Pat Nilon can “feel the difference” in the air in Cromwell’s American Tavern & Taqueria, the restaurant he owns in Greenville.
Nilon is the proud owner of air purification units made by Aerus.
“We are very enthusiastic about this because, let’s face it, regardless of what restaurants are offering outdoors, it’s going to be a ‘real’ November one of these days — and a ‘real’ December and a ‘real’ January,” he noted.
Indeed, winter is coming. And the signature “Game of Thrones” refrain has special meaning for restaurants, which have suffered during the pandemic.
Weather is becoming an issue, and restaurateurs are getting creative to attract customers, many of whom prefer outdoor dining.
Few options are cheap, which adds financial insult to injury.
The state is monitoring the additons.
Delaware restaurants have done a great job of innovating and being responsive to the health crisis, said Dr. Karyl Rattay, director of the Delaware Division of Public Health, during Gov. John Carney’s COVID-19 press conference Tuesday.
‘You’ve heard us say we have concerns about indoor dining,” she said. “I think it’s really fantastic that our restaurants are thinking about creative ways in which they can continue the outdoor dining they’ve been able to establish for Delawareans.”
She was not familiar with the small greenhouses that Caffe Gelato owner Ryan German told the Newark City Council Monday that he plans to install at his restaurant.
“We want to make sure that what they invest in is actually safe,” she said. “Outdoor dining in great, but anything with walls has the potential to actually be more dangerous. Some people started using igloos in other parts of the country and they were finding that actually that was an even riskier setting than even normal indoors, so we just want to make sure that whatever these restaurants are really focused on investing in is going to be a good solution.”
Extending outdoor season
The novel coronavirus pandemic has created three types of diners, said Xavier Teixido, owner of Harry’s Savoy Grill in Brandywine Hundred and co-owner of Kid Shelleen’s Charcoal House & Saloon in Trolley Square.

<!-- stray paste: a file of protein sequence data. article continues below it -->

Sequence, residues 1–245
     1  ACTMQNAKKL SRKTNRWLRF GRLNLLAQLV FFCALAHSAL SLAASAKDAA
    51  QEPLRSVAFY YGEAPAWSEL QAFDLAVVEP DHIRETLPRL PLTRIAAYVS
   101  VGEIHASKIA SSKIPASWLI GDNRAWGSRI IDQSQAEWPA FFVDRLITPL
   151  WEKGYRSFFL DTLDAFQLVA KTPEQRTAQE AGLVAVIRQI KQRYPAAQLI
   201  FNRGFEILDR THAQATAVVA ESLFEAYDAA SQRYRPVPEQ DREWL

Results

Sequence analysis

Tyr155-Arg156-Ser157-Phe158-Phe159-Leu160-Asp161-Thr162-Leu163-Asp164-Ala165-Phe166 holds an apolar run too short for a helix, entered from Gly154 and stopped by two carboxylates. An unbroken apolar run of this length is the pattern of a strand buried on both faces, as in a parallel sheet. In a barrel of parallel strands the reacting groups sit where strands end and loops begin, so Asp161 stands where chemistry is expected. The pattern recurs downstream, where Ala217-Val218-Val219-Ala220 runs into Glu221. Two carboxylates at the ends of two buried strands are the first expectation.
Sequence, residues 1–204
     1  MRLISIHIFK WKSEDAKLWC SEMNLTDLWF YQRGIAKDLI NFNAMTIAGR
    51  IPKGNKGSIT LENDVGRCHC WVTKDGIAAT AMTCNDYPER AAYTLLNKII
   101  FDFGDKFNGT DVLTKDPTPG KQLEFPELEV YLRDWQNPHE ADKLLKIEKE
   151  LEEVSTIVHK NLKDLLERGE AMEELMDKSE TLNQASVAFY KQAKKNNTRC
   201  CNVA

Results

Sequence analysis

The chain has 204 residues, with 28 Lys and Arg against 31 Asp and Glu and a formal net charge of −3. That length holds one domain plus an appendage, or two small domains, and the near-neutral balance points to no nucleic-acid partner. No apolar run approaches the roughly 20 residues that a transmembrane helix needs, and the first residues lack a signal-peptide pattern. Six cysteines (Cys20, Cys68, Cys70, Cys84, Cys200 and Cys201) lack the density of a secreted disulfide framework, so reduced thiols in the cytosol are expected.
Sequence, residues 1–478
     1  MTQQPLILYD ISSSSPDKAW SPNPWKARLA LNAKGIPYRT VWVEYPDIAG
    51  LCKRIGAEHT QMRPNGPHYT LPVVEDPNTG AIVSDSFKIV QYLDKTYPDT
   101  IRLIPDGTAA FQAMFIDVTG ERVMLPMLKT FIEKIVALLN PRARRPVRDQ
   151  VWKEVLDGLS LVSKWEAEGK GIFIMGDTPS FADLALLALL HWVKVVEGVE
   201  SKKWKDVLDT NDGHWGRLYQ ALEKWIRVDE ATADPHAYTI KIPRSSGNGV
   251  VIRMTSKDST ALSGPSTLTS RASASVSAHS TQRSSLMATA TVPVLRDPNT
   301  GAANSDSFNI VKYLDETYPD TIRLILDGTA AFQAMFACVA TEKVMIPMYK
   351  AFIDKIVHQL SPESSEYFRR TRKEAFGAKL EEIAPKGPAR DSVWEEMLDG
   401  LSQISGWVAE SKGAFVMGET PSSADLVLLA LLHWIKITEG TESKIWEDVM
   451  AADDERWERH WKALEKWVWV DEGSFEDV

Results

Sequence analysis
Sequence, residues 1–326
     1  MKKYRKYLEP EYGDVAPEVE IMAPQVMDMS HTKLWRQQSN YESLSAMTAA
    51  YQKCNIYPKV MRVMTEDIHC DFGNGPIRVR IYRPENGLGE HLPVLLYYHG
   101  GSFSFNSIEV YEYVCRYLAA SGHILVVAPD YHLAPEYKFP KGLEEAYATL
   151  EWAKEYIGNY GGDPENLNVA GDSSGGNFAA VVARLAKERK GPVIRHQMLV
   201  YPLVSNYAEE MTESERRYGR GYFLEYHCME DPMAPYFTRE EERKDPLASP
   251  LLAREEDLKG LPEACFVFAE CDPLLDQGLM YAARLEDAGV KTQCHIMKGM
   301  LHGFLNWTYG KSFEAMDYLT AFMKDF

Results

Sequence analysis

The first has yet to visit a restaurant; they’re still waiting for the COVID-19 cases to ebb.
The second will dine alfresco, and the third will dine indoors — but only if he or she feels comfortable.
To appeal to the second, restaurants have enhanced outdoor dining. Streets and sidewalks have become patios. Consider Corner Bistro in Talleyville. Owner Mickey Donatello had long entertained the idea of putting some tables on the sidewalk. The pandemic helped expedite the work.
Bardea Food & Drink in downtown Wilmington has been getting props for its “outdoor winter garden,” a tent with heaters.
Harry’s Savoy’s covered patio has been popular. Since traditional heaters aren’t an option here, there are units in the uncovered courtyard, where seating was formerly limited to events.
Teixido is currently pursuing a permit to have infrared heating on the patio.
Down in Newark, Caffe Gelato has propane heaters in expanded outdoor dining areas. More recently, Ryan German plans to install dining “greenhouses” similar to those used in New York, Chicago and Europe. He is working with the city to develop guidelines.
Taking it inside
Not every restaurant has the luxury of an outdoor area. Take Cromwell’s, for example. Two Stones Pub only has one location — the Newark site — with a patio that can accommodate heaters.
For these restaurants, looks matter. Customers must see attempts to abide by the regulations. For instance, they should notice the proper distance between tables.
In Centreville, Buckley’s Tavern has custom-built booth barriers built that “always look like they’ve been there,” said co-owner and chef Tom Hannum.
They were built by Tom Kostur, one of the managers, after the restaurant found out the lead time for plexiglass.
Missi Postles, who is reopening her small dining room at Egg in Rehoboth, installed plexiglass barriers.
At Harry’s Savoy and Kid’s, there are glass barriers between booths that create what Teixido jokingly calls “terrariums.”
Because of such visible safety measures, Teixido has seen outdoor diners decide to eat in.
With the pandemic showing no signs of stopping, restaurants are upping their HVACs and filtration systems.
Postles, for instance, has new ultraviolet air purifiers in the main HVAC system and in ductless units. Likewise, Nilon is having ultraviolet lights placed in his new HVAC system’s ductwork.
Proponents say that UV light can help eliminate certain fungi, bacteria, germs, viruses and pathogens in the system.
Harry’s Ballroom has a purification system in the ductwork. But in the main dining rooms, Teixido put the AirPure device in a visible location. “I want people to see them,” he explained.
Inspired by technology developed for NASA, the units reduce airborne and surface contaminants, according to the manufacturer’s website. Its SARS-CoV-2 virus kill rate is 99.985.
Mike Stiglitz, the owner of Two Stones, investigated AirPure in summer. But there was a backlog and a high price tag. He is moving forward with quotes in the hope that prices have come down.
To be sure, none of these modifications are cheap. Between Teixido’s two restaurants, he’s spent well over $50,000. Delaware Relief Grants from the Division of Small Business have helped with some of the expenses.
However, manufacturers want payment in advance, Nilon noted.
He’s publicized the air filter systems and touted the link to NASA. These days, promoting safety measures is as important as listing the daily food specials.
“In my decades and decades of working in this business, I’ve been really good at getting through situations, but making zero income is daunting,” he said.
Nilon and other restaurateurs hope their investments to protect their customers’ health will pay off this winter.